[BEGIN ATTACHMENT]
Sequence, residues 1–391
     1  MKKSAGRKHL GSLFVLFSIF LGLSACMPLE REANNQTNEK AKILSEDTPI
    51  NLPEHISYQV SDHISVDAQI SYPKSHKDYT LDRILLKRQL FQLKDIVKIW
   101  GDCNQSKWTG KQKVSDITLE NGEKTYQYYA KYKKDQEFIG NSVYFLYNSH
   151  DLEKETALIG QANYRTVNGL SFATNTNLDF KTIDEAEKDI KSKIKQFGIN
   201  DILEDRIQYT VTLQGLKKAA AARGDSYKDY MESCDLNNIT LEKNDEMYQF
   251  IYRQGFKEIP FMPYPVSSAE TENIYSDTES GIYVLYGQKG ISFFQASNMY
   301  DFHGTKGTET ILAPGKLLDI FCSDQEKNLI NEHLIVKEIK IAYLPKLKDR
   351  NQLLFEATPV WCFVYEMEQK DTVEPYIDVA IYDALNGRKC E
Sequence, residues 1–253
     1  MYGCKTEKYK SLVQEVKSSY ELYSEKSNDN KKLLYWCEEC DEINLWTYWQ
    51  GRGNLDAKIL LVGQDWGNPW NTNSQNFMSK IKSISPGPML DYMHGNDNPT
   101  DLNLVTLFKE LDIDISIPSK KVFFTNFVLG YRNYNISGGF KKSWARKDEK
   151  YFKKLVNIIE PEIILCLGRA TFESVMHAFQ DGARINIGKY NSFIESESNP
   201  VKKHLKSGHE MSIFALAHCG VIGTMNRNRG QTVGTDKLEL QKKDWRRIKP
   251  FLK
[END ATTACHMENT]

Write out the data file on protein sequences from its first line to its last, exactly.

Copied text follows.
Sequence, residues 1–391
     1  MKKSAGRKHL GSLFVLFSIF LGLSACMPLE REANNQTNEK AKILSEDTPI
    51  NLPEHISYQV SDHISVDAQI SYPKSHKDYT LDRILLKRQL FQLKDIVKIW
   101  GDCNQSKWTG KQKVSDITLE NGEKTYQYYA KYKKDQEFIG NSVYFLYNSH
   151  DLEKETALIG QANYRTVNGL SFATNTNLDF KTIDEAEKDI KSKIKQFGIN
   201  DILEDRIQYT VTLQGLKKAA AARGDSYKDY MESCDLNNIT LEKNDEMYQF
   251  IYRQGFKEIP FMPYPVSSAE TENIYSDTES GIYVLYGQKG ISFFQASNMY
   301  DFHGTKGTET ILAPGKLLDI FCSDQEKNLI NEHLIVKEIK IAYLPKLKDR
   351  NQLLFEATPV WCFVYEMEQK DTVEPYIDVA IYDALNGRKC E
Sequence, residues 1–253
     1  MYGCKTEKYK SLVQEVKSSY ELYSEKSNDN KKLLYWCEEC DEINLWTYWQ
    51  GRGNLDAKIL LVGQDWGNPW NTNSQNFMSK IKSISPGPML DYMHGNDNPT
   101  DLNLVTLFKE LDIDISIPSK KVFFTNFVLG YRNYNISGGF KKSWARKDEK
   151  YFKKLVNIIE PEIILCLGRA TFESVMHAFQ DGARINIGKY NSFIESESNP
   201  VKKHLKSGHE MSIFALAHCG VIGTMNRNRG QTVGTDKLEL QKKDWRRIKP
   251  FLK